Skyscrapers 1 to 10 of 18
129 West Trade is a 227 feet (69 m) skyscraper in Charlotte, North Carolina. It was built in 1958 and has 15 floors. The building is clad with 3,822 - 2,000 pound (890 kg) precast concrete facade panels which measure 5.5 by 6 feet (1.6 by 1.8 m). This building was home to the Wachovia Charlotte office prior to 1975, when the bank moved to 400 South Tryon. The Charlotte Chamber of Commerce occupied the building from 1975 to 1995.
26 Journal Square is a 179 ft (55 m) tall high rise in Jersey City, New Jersey. It was originally known as the Labor Bank Building. It was completed 1928 and has 15 floors. It is the 23rd tallest building in the city. It is often considered the first skyscraper in Jersey City. The Beaux Arts building was designed by John T. Rowland. It was put on the National Register of Historic Places in 1984.
The Albuquerque Petroleum Building is a highrise office building located at 500 Marquette Avenue NW in downtown Albuquerque, New Mexico. It is 72 m (235 ft) tall and has 15 stories, making it Albuquerque's fourth tallest building. The top floor of the building was home to the Albuquerque Petroleum Club, a members-only restaurant which closed in 2007. The Albuquerque Petroleum Building was designed by Dwayne Lewis Architects and was completed in 1986.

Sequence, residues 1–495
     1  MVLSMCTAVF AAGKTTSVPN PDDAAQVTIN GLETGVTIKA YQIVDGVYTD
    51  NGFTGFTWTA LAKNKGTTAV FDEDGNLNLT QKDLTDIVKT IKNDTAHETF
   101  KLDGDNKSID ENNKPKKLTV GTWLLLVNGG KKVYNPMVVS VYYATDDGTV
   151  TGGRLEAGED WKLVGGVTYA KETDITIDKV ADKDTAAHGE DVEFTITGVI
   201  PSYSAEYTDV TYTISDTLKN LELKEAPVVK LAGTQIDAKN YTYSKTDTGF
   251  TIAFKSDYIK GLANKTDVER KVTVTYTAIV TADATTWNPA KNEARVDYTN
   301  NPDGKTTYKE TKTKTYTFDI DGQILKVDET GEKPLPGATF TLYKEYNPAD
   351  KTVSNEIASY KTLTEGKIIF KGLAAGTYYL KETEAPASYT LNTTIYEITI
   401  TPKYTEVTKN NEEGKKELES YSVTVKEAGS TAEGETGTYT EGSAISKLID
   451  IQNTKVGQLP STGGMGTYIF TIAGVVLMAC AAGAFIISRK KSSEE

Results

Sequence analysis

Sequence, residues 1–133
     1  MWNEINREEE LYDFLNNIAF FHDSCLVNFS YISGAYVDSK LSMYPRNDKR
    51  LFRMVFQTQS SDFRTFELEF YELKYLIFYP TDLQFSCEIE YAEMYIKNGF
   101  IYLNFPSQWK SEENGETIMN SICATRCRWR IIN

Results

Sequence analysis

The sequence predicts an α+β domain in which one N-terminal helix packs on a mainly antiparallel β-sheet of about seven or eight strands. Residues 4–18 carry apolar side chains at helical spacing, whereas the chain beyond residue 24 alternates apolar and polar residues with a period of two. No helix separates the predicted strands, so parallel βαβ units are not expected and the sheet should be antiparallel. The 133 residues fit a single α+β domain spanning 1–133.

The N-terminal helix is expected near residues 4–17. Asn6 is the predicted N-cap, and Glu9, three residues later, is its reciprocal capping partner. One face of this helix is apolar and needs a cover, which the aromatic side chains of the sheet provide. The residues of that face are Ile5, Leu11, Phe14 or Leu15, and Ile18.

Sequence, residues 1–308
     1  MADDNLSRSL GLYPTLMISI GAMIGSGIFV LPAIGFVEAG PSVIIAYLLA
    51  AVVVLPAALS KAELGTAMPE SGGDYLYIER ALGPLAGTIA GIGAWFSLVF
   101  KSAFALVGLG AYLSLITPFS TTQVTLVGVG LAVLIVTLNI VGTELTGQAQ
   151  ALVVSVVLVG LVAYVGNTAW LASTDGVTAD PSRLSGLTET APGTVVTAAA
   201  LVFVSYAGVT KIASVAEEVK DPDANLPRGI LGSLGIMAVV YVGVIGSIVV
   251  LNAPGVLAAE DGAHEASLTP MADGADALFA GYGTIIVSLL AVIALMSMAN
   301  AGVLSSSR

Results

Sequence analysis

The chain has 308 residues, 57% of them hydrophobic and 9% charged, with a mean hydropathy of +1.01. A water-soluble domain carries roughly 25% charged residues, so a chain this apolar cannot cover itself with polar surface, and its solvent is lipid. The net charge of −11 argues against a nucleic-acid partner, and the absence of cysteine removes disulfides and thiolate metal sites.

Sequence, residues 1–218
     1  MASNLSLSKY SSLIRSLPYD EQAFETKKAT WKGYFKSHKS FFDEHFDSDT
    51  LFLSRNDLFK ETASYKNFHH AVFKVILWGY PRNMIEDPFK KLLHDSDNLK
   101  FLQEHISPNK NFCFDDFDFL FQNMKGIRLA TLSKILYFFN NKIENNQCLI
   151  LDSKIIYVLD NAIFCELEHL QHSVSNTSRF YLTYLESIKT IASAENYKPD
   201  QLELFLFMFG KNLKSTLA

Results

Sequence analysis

The Sciences Library, nicknamed the "SciLi", at Brown University is a high-rise building in Providence, Rhode Island built in 1971. At 180 feet (55 m), it is tied with One Citizens Plaza as the 13th-tallest building in the city. The building houses Brown University's primary on-campus collections for the physical sciences. Completed in the Brutalist architectural style, the building is Brown University's primary science library.
Cadillac Place is an ornate high-rise class-A office complex in the New Center area of Detroit, Michigan constructed of limestone, granite, and marble. Originally the General Motors Building, it had housed the company's world headquarters from 1923 until 1996. In 1996, GM moved its world headquarters to the Renaissance Center and sold the magnificent building which is leased by the State of Michigan on a long term basis. The building was renamed Cadillac Place.
Highfield House is a high-rise condominium in the Tuscany-Canterbury neighborhood of Baltimore, Maryland, United States. It was designed by Mies van der Rohe and completed in 1964. It was the second of two buildings designed by Mies in Baltimore. One Charles Center was the first. Highfield House was added to the National Register of Historic Places in 2007. Highfield House is a 15 story concrete tower facing east. Set on a platform, the main residential floors are 20 feet above the base.